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Thursday
Jun162016

Maine PUC Opens New Proceeding to Explore Changes to Net Metering Rules

On Tuesday, the PUC opened a new docket (2016-00120) requesting comments from interested stakeholders about the future of net metering (also known as “net energy billing”). In January, CMP notified the Commission that in 2015 net metering resources had exceeded 1% of CMP’s peak demand, triggering PUC review under the rules. The PUC took no action on CMP’s petition while the Legislature debated LD 1649, a bill that would have replaced net metering with the “Standard Solar Buyer” model that emerged from the solar stakeholder process last fall. That bill failed to overcome Governor LePage’s veto at the end of the session. Now the PUC will decide whether to act on its own to make changes to Maine’s net metering rules.

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Friday
May272016

Maine PUC Opens Proceeding to Distribute RGGI Funds to Large Energy Consumers

The Maine Public Utilities Commission recently opened a new docket, 2016-00081, to process refunds to energy intensive manufacturers in Maine out of the fund created by the carbon cap and trade program under the Regional Greenhouse Gas Initiative (RGGI).

Maine is one of nine New England/Mid-Atlantic states that participate in RGGI. Under the program, CO2 is capped in the participating states and fossil-fuel generators in those states are required to purchase emissions allowances to offset their emissions. In Maine, the money raised from the sale of emissions allowances has been used to fund Efficiency Maine, which promotes energy efficiency for Maine business and residential consumers.

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Thursday
May052016

After Solar Bill Fails to Muster Veto-Proof Support, PUC Will Decide Fate of Net Metering 

Last Friday, the Maine House came within two votes of overriding Governor LePage’s veto of LD 1649, a bill that would have substantially increased installed solar capacity in Maine. The Senate had previously voted unanimously to override the veto. The bill would have sought to increase solar capacity nearly tenfold in Maine, from 20 MW to 196 MW in 2021. The bill would have phased out net metering in favor of a system of long-term contracts for rooftop solar and provided similar long-term contracts for community and large-scale solar installations.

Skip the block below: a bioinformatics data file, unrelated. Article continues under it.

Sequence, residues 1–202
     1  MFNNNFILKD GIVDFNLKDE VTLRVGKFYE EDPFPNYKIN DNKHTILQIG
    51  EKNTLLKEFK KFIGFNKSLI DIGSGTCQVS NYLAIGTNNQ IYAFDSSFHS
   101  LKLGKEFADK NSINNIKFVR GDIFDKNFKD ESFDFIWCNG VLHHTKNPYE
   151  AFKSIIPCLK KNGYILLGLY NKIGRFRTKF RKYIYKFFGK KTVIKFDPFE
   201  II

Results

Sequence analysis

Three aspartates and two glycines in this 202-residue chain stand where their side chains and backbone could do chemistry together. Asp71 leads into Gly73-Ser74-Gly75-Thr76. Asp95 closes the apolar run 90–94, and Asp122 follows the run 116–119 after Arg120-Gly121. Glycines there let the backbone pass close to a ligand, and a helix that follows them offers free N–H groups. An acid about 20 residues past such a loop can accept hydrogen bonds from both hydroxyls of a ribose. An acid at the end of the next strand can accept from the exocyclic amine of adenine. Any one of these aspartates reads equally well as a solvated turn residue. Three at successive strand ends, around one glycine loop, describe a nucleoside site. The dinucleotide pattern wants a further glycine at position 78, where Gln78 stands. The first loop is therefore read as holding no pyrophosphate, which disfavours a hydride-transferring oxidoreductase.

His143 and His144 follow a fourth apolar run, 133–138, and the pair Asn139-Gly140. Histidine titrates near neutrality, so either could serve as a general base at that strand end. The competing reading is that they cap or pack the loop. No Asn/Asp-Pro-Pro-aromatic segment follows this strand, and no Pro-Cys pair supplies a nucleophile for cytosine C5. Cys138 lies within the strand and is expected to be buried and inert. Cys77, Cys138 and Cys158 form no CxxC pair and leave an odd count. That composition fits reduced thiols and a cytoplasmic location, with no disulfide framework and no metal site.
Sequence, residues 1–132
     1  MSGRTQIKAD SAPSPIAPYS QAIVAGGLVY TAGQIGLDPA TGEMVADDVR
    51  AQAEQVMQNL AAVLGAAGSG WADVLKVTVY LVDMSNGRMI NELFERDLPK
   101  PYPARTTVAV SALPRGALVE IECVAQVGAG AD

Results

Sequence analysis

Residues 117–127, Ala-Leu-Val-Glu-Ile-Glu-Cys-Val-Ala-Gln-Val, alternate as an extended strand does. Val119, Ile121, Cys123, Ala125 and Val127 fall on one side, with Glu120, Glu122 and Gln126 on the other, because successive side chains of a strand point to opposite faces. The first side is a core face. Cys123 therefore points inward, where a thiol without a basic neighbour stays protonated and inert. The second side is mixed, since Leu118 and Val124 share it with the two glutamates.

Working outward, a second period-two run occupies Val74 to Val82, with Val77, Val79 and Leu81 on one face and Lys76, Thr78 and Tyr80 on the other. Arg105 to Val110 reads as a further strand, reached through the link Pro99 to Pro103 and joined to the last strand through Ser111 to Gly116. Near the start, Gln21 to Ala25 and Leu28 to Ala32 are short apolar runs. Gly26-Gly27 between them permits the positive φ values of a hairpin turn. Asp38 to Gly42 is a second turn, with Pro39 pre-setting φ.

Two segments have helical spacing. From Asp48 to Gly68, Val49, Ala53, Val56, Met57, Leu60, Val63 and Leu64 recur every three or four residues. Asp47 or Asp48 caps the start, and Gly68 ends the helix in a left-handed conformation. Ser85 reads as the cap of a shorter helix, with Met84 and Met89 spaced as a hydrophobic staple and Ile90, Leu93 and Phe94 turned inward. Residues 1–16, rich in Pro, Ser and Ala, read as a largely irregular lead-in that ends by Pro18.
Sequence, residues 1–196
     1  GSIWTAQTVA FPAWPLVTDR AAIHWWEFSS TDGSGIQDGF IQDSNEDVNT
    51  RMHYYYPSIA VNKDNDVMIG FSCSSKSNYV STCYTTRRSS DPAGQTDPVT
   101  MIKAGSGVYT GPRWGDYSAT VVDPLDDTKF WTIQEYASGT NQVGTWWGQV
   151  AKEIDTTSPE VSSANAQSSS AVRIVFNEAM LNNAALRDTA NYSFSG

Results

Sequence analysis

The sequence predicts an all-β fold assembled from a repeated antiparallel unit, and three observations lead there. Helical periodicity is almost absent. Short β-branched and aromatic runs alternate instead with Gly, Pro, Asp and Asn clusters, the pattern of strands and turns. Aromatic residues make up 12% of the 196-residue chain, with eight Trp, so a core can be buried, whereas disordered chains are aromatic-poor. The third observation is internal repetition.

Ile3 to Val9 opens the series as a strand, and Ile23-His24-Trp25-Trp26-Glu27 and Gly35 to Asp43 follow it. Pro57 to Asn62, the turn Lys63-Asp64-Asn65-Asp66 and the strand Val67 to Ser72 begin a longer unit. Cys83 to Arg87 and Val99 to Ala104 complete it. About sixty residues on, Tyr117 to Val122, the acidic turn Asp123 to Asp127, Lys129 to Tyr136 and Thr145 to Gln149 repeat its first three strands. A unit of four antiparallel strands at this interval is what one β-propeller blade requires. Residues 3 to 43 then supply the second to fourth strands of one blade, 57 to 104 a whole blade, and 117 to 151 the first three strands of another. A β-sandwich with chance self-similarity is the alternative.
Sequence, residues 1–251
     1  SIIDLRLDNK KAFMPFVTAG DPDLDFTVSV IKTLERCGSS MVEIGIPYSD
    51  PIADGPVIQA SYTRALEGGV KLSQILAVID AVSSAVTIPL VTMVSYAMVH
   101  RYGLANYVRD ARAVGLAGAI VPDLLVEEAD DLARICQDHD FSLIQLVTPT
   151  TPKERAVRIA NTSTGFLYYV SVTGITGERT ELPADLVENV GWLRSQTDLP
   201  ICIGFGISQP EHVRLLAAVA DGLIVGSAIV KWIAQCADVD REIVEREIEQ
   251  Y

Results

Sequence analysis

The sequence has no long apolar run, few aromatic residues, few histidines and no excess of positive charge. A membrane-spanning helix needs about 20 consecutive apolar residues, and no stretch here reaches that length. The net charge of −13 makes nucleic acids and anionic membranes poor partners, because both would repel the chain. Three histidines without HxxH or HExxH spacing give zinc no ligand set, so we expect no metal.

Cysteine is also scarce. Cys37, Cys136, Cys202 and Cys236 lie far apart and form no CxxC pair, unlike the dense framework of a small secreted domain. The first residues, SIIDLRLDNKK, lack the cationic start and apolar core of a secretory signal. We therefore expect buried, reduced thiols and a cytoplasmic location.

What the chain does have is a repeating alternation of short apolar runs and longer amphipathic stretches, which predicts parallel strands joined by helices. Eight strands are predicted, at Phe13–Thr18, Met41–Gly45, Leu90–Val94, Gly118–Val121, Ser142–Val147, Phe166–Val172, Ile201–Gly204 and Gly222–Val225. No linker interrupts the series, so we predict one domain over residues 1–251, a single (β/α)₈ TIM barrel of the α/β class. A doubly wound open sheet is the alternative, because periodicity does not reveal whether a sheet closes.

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Wednesday
Apr202016

Hughes v. Talen Energy: Supreme Court Strikes Down Maryland Generation Subsidy on Narrow Grounds

On Tuesday, the Supreme Court issued its decision (8-0) in Hughes v. Talen Energy striking down a Maryland program that encouraged additional in-state generation. Hughes is the second decision of the term, following FERC v. Electric Power Supply Association, in which the Court has struggled to clarify the increasingly blurry boundary between state and federal jurisdiction over energy policy. In this case, the Court focused on the precise mechanism of the Maryland program which required load serving entities (LSEs) in Maryland to enter into a 20-year pricing contract with a new gas-fired generator owned by CPV Maryland, LLC (CPV). To understand the Court’s holding, it is necessary to understand a bit about FERC’s capacity auctions.

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Friday
Apr012016

Maine Commission Reviews Non-Transmission Alternative Pilot Project; Opens New Docket to Appoint NTA Coordinator

Eight years ago, Central Maine Power (CMP), Maine’s largest T&D utility, proposed the Maine Power Reliability Program (MPRP)—a comprehensive plan to upgrade transmission resources ensure reliable service to its customers throughout its service territory. As part of an agreement reached in that docket, a Non-Transmission Alternative (NTA) pilot project in Boothbay Harbor was implemented. Grid Solar was selected as the coordinator for the pilot project, which went live in 2013.